National Security Adviser Robert O’Brien said Sunday the administration is likely to announce new restrictions on travel to Brazil.
O’Brien, during an interview with CBS, said the administration is likely to make a decision about restricting travel to Brazil today, and said White House officials “hope that will be temporary.”
He said the White House would “take a look at the other countries on a country by country basis” in that region.
When asked about reporting that the European travel restrictions from mid-March came too late to stop the virus from spreading through the US, O’Brien highlighted President Trump’s decision to restrict some travel to China. O’Brien suggested that US officials were unaware that people traveling through Europe from China could bring Covid-19 to America in the weeks before the European travel restrictions were implemented.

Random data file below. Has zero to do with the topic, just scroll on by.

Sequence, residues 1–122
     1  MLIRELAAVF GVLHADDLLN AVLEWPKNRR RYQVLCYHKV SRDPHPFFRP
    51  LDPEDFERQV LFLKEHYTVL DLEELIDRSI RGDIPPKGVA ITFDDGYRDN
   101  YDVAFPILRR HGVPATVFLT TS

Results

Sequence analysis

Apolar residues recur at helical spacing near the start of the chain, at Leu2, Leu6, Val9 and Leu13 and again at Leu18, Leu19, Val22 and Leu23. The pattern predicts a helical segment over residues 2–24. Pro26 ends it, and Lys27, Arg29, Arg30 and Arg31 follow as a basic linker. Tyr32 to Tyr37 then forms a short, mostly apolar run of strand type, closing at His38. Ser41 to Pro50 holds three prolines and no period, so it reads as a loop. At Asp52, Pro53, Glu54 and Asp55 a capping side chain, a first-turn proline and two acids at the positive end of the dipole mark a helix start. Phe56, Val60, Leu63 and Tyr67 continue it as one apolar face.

“We didn’t know at the time but we later learned that the Chinese continued to allow people to travel from Wuhan to Europe,” he said.
Some context: Coronavirus has yet to peak in Sao Paulo, Brazil’s largest and worst-infected big city, but the healthcare system is already beginning to break down.
As the crisis deepens and the number of deaths continues to rise, President Jair Bolsonaro is urging businesses to reopen. He opposes many governors who are stressing social distancing measures to slow the spread.
Far from hospitals, Brazil’s indigenous people are dying at an alarming rate. The death toll is double that of the rest of Brazil’s population, according to the advocacy group Articulation of Indigenous Peoples of Brazil.